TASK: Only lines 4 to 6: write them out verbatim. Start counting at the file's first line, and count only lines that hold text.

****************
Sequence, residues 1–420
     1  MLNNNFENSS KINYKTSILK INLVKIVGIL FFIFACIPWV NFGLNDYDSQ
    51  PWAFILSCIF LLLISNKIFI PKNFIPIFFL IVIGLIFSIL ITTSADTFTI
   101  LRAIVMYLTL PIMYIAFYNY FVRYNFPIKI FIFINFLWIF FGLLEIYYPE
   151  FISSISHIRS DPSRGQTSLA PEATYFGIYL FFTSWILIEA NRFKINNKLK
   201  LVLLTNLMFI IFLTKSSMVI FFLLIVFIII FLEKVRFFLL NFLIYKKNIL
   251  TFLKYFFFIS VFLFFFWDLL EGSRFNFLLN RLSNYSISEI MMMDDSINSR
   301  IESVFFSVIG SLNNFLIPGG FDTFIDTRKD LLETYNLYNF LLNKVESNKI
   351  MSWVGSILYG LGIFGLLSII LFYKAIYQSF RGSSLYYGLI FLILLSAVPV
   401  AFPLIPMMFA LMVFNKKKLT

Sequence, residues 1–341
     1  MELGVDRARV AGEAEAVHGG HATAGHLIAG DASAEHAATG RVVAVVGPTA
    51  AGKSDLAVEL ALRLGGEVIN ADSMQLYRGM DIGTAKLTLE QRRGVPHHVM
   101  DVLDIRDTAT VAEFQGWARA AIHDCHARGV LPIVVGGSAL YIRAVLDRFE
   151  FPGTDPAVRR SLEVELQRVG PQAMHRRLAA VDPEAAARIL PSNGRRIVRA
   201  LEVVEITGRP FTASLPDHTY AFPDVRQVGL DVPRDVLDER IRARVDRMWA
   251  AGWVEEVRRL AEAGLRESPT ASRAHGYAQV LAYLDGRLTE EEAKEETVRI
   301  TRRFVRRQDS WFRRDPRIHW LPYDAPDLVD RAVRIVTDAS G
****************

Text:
   101  LRAIVMYLTL PIMYIAFYNY FVRYNFPIKI FIFINFLWIF FGLLEIYYPE
   151  FISSISHIRS DPSRGQTSLA PEATYFGIYL FFTSWILIEA NRFKINNKLK
   201  LVLLTNLMFI IFLTKSSMVI FFLLIVFIII FLEKVRFFLL NFLIYKKNIL